Three-time district winner of the New York Metropolitan Opera National Council Auditions, soprano Chabrelle Williams is a dynamic presence on the stage with a range that includes opera, gospel, and musical theater. This season, the Oberlin 2011 alumna made her debut with the Charleston Symphony and at Carnegie Hall in a performance of Nathaniel Dett’s The Ordering of Moses with the Oberlin Orchestra.
Williams’ recent operatic work includes debuts with the Boston Lyric Opera as Milica in the film Svadba by Ana Sokolovic, with Houston’s Opera in the Heights as Leonora in Verdi’s Il Trovatore, and with Lincoln Center Theater where she co-created the leading role of Esther for the world premiere of Intimate Apparel by Ricky Ian Gordon and Lynn Nottage, directed by Bartlett Sher.
Williams made her debut at the Opera Theatre of Saint Louis, creating the roles of Cousin Blanche and Sadie Griffith in the world premiere of Terence Blanchard’s Champion. She reprised the role of Sadie Griffith with San Francisco’s Opera Parallèlle. She has also appeared as Annie in Porgy and Bess with the Cincinnati Opera, in Le Nozze di Figaro with Opera In The Heights, and in Ariodante with Opera Omaha. Her work in art song and oratorio includes recent premieres of two new works commissioned by CityMusic Cleveland, where she was also featured as the soprano soloist in Verdi's Requiem.
American mezzo-soprano Ronnita Miller has a richly varied 2022-2023 season. She joined the Los Angeles Philharmonic as Schwertleite in Die Walküre at the Hollywood Bowl in the summer of 2022. She returns to San Francisco Opera as Filippyevna in Eugene Onegin and reprises the role of Ella in X: The Life and Times of Malcolm X with Opera Omaha, and she also appears with the Atlanta Opera as Erda in Das Rheingold. In concert, she performed with the Indianapolis Symphony in Handel’s Messiah and joined Oberlin Conservatory at Carnegie Hall as the mezzo-soprano soloist for Nathaniel Dett’s The Ordering of Moses.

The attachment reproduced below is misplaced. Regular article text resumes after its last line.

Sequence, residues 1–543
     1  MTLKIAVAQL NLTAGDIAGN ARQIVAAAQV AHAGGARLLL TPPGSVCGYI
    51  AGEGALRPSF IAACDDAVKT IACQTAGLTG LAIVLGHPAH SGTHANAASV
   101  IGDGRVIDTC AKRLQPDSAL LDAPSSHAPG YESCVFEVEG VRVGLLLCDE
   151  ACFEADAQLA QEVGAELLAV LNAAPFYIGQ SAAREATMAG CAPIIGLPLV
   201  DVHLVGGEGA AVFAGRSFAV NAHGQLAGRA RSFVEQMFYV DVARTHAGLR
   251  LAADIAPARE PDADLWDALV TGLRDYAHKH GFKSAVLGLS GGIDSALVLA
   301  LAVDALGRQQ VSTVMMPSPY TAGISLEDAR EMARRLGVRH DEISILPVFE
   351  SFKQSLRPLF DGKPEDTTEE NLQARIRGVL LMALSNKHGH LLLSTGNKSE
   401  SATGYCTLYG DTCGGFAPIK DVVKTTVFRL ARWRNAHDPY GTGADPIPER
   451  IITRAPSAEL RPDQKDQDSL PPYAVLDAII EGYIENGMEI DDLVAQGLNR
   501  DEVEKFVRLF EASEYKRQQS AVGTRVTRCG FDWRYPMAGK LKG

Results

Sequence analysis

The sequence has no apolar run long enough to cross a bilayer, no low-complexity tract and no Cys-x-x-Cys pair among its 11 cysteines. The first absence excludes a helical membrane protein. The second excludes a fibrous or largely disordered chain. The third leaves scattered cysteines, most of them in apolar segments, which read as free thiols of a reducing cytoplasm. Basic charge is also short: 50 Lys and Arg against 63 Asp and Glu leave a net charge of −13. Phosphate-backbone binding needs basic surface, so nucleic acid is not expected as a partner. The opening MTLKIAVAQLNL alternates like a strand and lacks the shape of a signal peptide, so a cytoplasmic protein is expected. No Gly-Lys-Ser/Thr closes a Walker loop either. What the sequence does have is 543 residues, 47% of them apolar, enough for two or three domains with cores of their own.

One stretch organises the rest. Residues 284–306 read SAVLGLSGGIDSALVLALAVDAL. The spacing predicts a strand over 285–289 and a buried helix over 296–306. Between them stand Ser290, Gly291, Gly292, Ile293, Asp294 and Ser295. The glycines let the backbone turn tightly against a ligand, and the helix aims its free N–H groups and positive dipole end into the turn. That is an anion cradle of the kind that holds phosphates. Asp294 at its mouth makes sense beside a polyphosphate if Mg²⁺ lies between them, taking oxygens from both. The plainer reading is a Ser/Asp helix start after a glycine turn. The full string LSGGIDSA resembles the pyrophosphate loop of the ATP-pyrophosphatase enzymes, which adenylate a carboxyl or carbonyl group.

In recent seasons, Miller has performed on operatic stages including The Metropolitan Opera as Big Stone in Matthew Aucoin’s Eurydice, the Detroit Opera as Ella in a new production of X: The Life and Times of Malcolm X. She also made her debut at the Het Concertgebouw Amsterdam as Fricka in a performance of Die Walküre, conducted by Jaap van Zweden, and in the U.S. she joined the Chicago Symphony Orchestra to sing Mamma Lucia in Cavalleria Rusticana under the baton of Riccardo Muti. She performed her signature role of Erda in Siegfried with Lyric Opera Chicago and gave further performances of Erda in Das Rheingold at Teatro Real, Madrid before returning to The Metropolitan Opera to sing the First Norn in Götterdämmerung, and to Boston Symphony Orchestra where she sang Schwertleite in Die Walküre at Tanglewood. In the U.K. she sang at the Edinburgh International Festival with Sir Andrew Davis, and at the Brighton Festival, she performed Tippett’s A Child of our Time with the Philharmonia Orchestra. Other recent highlights are performances with the San Francisco Opera, Semperoper Dresden under the baton of Christian Thielemann, the role of Amando in Le Grand Macabre under Sir Simon Rattle with both the London Symphony Orchestra and the Berlin Philharmonic, as well as Verdi’s Requiem at Staatsoper Hannover.
Dramatic tenor Limmie Pulliam, Oberlin Conservatory alumnus, class of 1998, has thrilled audiences with his captivating stage presence and his “stentorian, yet beautiful,” sound. Pulliam’s 2022-2023 season sees him join the roster of the Metropolitan Opera for the first time, covering Radames in Aida. It also includes the role with Tulsa Opera for its 75th anniversary gala, as well as his debut in the role of the Prince in Rusalka with the Portland Opera. In concert, he debuted with the San Diego Symphony singing Verdi’s Requiem and made his Carnegie Hall debut performing The Ordering of Moses in collaboration with Oberlin Conservatory. He also joined pianist Mark Markham for “operatic greatest hits” concerts and spiritual recitals with the Lincoln Symphony Orchestra and Delta Symphony.